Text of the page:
What was it like? Hell if I know. But next time someone asks, I won’t answer straight and clean. I’ll answer crooked, and I’ll answer long. And when they get confused or angry, I’ll smile. Finally, I’ll think. Someone who understands.

Here, Gallagher’s narrator’s hoped-for “communicative situation” is marked by frustration and distortion, which, if only those miserable qualities could be attained, would stand as a great improvement on the incomprehension and indifference that have so far governed his attempt to describe war.

The contemporary emphasis on “failure to communicate” might be reflected in the following variation on the war-writing rhetorical triangle (Figure E):

Slide5

Features of the contemporary model include:

  1. The veteran-author’s personal relationship to his or her subject of war is intense and intimate, as represented by a thickened, shortened line, but the connection is obfuscated by that very closeness, as well as the more general difficulty of apprehending the truth or reality of combat described as “the fog of war.”
  2. The civilian reader’s relationship to the veteran-writer, and vice-versa, is distant and beset by communication difficulties, as portrayed by the long, broken line.
  3. The civilian reader’s understanding of war is also remote, indistinct, and untrustworthy, as depicted by the thin, wavering line.

In Figure F below, I have added in a contextual circle that names what I think are the most important contemporary social, political, cultural, and technological influences on war, the men and women who go to war and then write about it, and the nation-at-large. I’ve also noted some changes in the composition of the corners of the triangle to reflect modern trends.

Slide6

I won’t take time here to explain these factors or how they put pressure on the legs and corners of my war writing rhetorical triangle. Many are obvious or self-explanatory, and none are beyond the ken of readers who have made it this far and who now choose to roll them around in their minds to consider their relevance. I might well have portrayed them as a grid, as in Figure D above, but for the sake of clarity, mostly, I haven’t. Taken together, the diagram suggests a contemporary war writing field characterized by multiple variables, full of complexity, ambiguity, perspectival variations, and tenuous, arguable intersections joining war, writing about war, and readers.

Might the broken-and-distorted contemporary war writing rhetorical triangle be as much a trope, or even a cliché, as anything that’s come before? Some very good veteran-authors have taken up the question. Benjamin Busch, in “To the Veteran,” his introduction to the veteran writing anthology Standing Down: From Warrior to Civilian, states, “We often feel there is a certain authenticity lost somewhere, that language cannot completely express our experience to those who do not share it,” but ultimately he concludes that the stories in Standing Down “prove that transference of experience is possible with language.” Similarly, Phil Klay in a New York Times essay titled “After War, A Failure of Imagination,” writes, “Believing war is beyond words is an abrogation of responsibility — it lets civilians off the hook from trying to understand, and veterans off the hook from needing to explain.” Busch and Klay are formidable writers, but I’m not sure everyone, including many veterans, agrees that veterans can express the reality of war in a way that is perceived as meaningful and reasonably fulsome by civilians. The fact that Busch and Klay have to assert their case proves the sentiment they hope to rectify is both real and a problem. Whether their perception is an enduring and truly true structural feature of war writing or merely a passing truism-of-the-day remains to be seen.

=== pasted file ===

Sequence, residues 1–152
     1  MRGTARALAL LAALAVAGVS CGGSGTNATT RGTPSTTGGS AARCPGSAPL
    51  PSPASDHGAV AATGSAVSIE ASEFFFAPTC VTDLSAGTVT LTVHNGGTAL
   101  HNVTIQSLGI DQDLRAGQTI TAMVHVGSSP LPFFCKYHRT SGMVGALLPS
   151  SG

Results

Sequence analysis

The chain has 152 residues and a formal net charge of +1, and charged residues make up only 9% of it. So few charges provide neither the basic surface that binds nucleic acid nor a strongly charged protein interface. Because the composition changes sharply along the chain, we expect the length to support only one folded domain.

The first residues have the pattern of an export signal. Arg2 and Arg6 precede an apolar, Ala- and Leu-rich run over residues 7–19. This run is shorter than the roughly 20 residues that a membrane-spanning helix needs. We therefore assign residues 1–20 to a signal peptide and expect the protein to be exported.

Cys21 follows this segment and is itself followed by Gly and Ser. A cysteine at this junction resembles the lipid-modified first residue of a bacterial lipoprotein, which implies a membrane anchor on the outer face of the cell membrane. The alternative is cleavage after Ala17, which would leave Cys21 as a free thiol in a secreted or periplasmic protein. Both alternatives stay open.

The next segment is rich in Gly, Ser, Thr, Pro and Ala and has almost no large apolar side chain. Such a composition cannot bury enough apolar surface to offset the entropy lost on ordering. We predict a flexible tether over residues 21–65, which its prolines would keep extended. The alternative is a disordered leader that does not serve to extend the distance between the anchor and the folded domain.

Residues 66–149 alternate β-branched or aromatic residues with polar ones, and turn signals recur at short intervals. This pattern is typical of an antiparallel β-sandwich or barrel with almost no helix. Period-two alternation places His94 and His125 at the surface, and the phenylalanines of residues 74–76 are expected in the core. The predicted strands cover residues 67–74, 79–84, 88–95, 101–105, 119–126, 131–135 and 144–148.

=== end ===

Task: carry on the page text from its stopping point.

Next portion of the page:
Many thanks to the organizers and participants of the 2016 Veterans in Society seminar at Virginia Tech, where I first presented on the “War Writing Rhetorical Triangle.”

October in the Railroad War Lit Earth

October 11, 2014
Fort Riley, Kansas, October 2008

Fort Riley, Kansas, October 2008

“October in the Railroad Earth” is the title of a beautiful prose-poem by Jack Kerouac, who served for about a week in the Navy during World War II and somewhat longer in the Merchant Marine. I have already used the title of Kerouac’s fantastic ode to autumn for the title of a post on my old blog. There it actually made a lot of sense as I wrote about long, glorious days of training in the warm Kansas sunshine while we prepared to deploy to Afghanistan. But I can’t resist repurposing the title, so here we go. A potpourri of miscellaneous war-lit notes is not my usual modus, but ideas, events, and publications have been accumulating so fast that I can’t possibly give each the extended consideration it deserves, so please bear with me.

Late in August, I attended a Sunday afternoon writing workshop co-sponsored by New Jersey branches of the Combat Paper Project and WarriorWriters. With veterans of Somalia and Vietnam I traded writing prompts relevant to military experience and we read each other our responses. Here’s one I wrote on “environment”:

I find very few soldiers wax poetical about Iraq.  Nothing about the flat desert, the hot sun, and the squalid chaos of the cities seems to have impressed them.  Afghanistan, on the other hand, exerted an enchanting allure on many of the soldiers who served there.  The high mountains, often snow-capped and surprisingly forested, the clean air (at least outside of Kabul), the ancient villages built into the sides of wadi and mountain walls, and the roads that snake through the treacherous mountain passes all possess intoxicating powers. Quickening everyone’s step and filling them with wonder, the landscape makes soldiers fall halfway in love with a country that might kill them.